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linuxdawg 01-28-2005 10:24 AM

Upgrading From 32-Bit To 64-Bit SUSE
 
Is it safe to upgrade from 32-Bit SUSE Linux to 64-Bit SUSE Linux, or will I have to do a fresh-install?

Frustin 01-28-2005 10:36 AM

in aix its a simple relink of the /unix and bobs your uncle.

linuxdawg 01-28-2005 04:26 PM

Quote:

Originally posted by Frustin
in aix its a simple relink of the /unix and bobs your uncle.
Thanks. I popped in the 64-Bit SUSE DVD to start the installation, and it couldn't detect my root partition. I think I'm gonna have to make like a Windows PC, and re-install from scratch. But not soo soon.

I learned from another post that some of the Mozilla browser plugins don't work, like Flash, and Java.

I may wait before upgrading, since this is my production workstation. I can't afford too much downtime.

Frustin 01-31-2005 06:18 AM

whats the message you are getting exactly? if its the one i am thinking off then you just need to change the config file for your bootloader.

linuxdawg 01-31-2005 09:18 AM

Quote:

Originally posted by Frustin
whats the message you are getting exactly? if its the one i am thinking off then you just need to change the config file for your bootloader.
Now that you mention it, I AM having trouble with grub, since I initially installed SUSE. When I initially install SUSE Linux 9.1 Professional 32-Bit (When it was first released) I accidentally installed the system in /dev/hde10, then did a re-install to /dev/hde6. Somehow, grub continued to see /dev/hde10 as the boot-location. Now, whenever I do a Kernel update, it tries to update the boot-related files in /dev/hde10. My system still boot up, as long as I don't try to use YaST to update the Kernel. When I use YaST to update the Kernel, boot-loader re-install poops on my boot configuration. I then have to manually fix the boot-related configuration files so my system will boot up properly. It may be related to the issue I'm having with the upgrade to 64-Bit SUSE Linux.

Here is the "text" version of the installation screen when I boot from the SUSE 64-Bit DVD:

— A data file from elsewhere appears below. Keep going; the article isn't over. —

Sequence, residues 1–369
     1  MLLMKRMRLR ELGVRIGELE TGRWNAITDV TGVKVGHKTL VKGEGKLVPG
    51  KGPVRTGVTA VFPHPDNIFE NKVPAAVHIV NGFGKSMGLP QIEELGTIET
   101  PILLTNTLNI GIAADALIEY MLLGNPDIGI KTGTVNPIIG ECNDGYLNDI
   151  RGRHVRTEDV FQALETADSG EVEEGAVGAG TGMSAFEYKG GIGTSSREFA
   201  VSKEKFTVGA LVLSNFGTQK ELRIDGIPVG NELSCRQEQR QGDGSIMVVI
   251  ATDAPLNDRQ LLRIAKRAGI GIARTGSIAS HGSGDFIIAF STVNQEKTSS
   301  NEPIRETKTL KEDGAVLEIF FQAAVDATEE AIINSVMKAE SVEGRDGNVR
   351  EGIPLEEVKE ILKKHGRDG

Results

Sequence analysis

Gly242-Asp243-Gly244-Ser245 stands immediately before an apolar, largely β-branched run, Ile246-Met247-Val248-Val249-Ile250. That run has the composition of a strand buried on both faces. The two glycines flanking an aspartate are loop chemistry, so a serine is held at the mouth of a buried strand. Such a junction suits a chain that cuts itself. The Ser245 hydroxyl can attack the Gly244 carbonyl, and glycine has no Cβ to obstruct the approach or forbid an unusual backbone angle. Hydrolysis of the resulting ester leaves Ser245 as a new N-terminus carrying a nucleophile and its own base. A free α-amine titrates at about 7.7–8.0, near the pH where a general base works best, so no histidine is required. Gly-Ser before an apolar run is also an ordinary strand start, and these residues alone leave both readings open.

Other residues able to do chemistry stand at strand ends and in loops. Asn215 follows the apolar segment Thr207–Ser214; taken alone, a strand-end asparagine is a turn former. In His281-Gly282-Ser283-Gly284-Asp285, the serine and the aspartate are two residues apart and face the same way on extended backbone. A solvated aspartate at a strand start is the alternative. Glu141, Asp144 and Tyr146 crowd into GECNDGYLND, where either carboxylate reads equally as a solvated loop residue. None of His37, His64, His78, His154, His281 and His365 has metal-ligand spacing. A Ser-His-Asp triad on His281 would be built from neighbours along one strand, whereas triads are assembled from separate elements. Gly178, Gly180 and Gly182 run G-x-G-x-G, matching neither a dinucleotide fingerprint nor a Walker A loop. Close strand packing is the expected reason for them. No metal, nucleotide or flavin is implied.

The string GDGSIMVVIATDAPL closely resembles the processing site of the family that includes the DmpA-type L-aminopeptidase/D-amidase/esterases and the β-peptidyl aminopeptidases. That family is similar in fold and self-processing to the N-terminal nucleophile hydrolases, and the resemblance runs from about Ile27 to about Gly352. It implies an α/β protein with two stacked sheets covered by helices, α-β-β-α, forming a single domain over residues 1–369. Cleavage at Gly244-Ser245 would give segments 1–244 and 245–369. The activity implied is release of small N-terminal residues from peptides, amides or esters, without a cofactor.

Mode
------
* Update

Selected for update
---------------------
No root partition found
* ERROR: No proposal


Here are my current boot-related files (Grub):

/boot/grub/device.map:
--------------------------
(hd0) /dev/hde
(hd1) /dev/hdf

/boot/grub/menu.lst
-------------------------
# Modified by YaST2. Last modification on Mon Jan 31 09:02:33 2005


color white/blue black/light-gray
default 0
timeout 8
gfxmenu (hd0,5)/boot/message

###Don't change this comment - YaST2 identifier: Original name: linux###
title Linux
kernel (hd0,5)/boot/vmlinuz root=/dev/hde6 vga=0x317 splash=silent desktop resume=/dev/hdf1 showopts max_loop=64
initrd (hd0,5)/boot/initrd

###Don't change this comment - YaST2 identifier: Original name: windows###
title Windows
root (hd0,0)
chainloader +1

###Don't change this comment - YaST2 identifier: Original name: failsafe###
title Failsafe
kernel (hd0,5)/boot/vmlinuz root=/dev/hde6 showopts ide=nodma apm=off acpi=off vga=normal noresume nosmp noapic maxcpus=0 3
initrd (hd0,5)/boot/initrd

###Don't change this comment - YaST2 identifier: Original name: Memory Test###
title Memory Test
kernel (hd0,5)/boot/memtest.bin


/boot/grub/grub.conf
-------------------------
root (hd0,5)
install --stage2=/boot/grub/stage2 /grub/stage1 d (hd0) /grub/stage2 0x8000 (hd0,5)/boot/grub/menu.lst
quit

linuxdawg 02-07-2005 09:35 AM

Just updated to 64-Bit SUSE Linux
 
I just updated to 64-Bit Linux using the "New System" install. I didn't have to re-partition any drives, and other than getting the Nvidia drivers (From Nvidia), MPlayer, and Spamassassin to work, things aren't too bad.

abisko00 02-07-2005 10:41 AM

According to your 'no proposal' error, I found this in the SUSE-SDB:

http://portal.suse.com/sdb/en/2003/1...vdinstall.html

To change your system from 32 to 64bit, you may try the following:

In Yast -> Software -> Change Source of Installation, exchange the 32bit for the 64bit DVD. After that, run 'System Update'. I am not sure if this will work as long as the old kernel is still in memory, maybe you need to install and boot the 64bit kernel first.

To solve the booting/kernel update problem, you may try to create a new initrd with the correct root and boot device (mkinitrd -d /dev/hde6 -b /boot). Maybe this helps...


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